OK, call this "national arts news" week in the Arts News column, but here's another item of no local significance whatsoever that nevertheless bears noting--since it involves one of the most famous and reproduced pieces of art in the world.
In a heist movie sort of manner, two paintings by late 19th-century Expressionist artist Edvard Munch--The Scream and Madonna--were stolen by masked gunmen from the Munch Museum in Oslo, Norway, in August of 2004, while the museum was actually open. The high profile art theft didn't lose its cinematic quality in the intervening two years. Local police arrested six suspects and got convictions for three in the theft earlier this year, and are purported to have been negotiating for the paintings' return ever since. On August 31, the paintings were finally recovered, although police are not saying how the valuable paintings--their combined value is almost $200 million--were recovered or what led to up the recovery, only that it happened somewhere around Oslo.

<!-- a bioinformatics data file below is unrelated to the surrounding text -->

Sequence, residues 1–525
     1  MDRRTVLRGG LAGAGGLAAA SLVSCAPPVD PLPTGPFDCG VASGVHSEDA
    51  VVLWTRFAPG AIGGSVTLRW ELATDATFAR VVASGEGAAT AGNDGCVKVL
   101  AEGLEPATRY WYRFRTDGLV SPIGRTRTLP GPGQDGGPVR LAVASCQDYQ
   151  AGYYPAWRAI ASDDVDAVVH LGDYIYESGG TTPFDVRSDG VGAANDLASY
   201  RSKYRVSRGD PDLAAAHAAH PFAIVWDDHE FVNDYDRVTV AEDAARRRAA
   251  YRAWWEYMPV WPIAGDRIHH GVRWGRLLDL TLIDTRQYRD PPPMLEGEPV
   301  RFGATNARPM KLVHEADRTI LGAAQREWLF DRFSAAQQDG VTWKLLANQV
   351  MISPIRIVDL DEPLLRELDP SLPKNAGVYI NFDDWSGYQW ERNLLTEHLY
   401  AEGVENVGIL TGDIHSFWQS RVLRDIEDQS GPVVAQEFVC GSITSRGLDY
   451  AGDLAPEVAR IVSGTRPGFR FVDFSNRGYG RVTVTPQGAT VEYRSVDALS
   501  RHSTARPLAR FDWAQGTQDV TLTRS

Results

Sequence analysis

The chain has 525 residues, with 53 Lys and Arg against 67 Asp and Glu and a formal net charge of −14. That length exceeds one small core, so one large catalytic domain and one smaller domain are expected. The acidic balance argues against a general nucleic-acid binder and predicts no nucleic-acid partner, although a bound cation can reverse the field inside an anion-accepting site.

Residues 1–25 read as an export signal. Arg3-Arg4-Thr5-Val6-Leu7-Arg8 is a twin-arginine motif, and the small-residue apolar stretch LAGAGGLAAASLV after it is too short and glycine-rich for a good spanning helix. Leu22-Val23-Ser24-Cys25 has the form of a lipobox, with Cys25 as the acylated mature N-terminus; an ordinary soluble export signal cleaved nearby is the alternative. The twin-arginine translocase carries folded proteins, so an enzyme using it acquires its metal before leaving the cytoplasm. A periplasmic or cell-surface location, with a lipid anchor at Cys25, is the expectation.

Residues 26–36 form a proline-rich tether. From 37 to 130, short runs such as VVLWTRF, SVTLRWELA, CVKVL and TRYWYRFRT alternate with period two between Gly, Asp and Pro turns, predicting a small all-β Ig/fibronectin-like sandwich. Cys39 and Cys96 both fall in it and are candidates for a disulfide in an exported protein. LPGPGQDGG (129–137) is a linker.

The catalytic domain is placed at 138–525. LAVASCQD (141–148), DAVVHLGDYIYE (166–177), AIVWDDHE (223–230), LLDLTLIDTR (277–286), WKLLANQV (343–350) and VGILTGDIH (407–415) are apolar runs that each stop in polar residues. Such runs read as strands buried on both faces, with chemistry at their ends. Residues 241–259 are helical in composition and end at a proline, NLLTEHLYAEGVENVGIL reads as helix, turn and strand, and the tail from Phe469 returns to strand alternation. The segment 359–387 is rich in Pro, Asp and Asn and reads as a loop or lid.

It has been reported by Norwegian media, though not substantiated by authorities, that there was a connection between a bank robbery in Stavanger and the Munch theft months later, possibly organized to direct police attention away from the earlier heist that involved several million dollars and the death of a police officer.
The recovered pieces have not been finally authenticated, but it is expected that they are the missing Munch paintings. Both pieces are said to have sustained some damage, but nothing extensive or beyond restoration.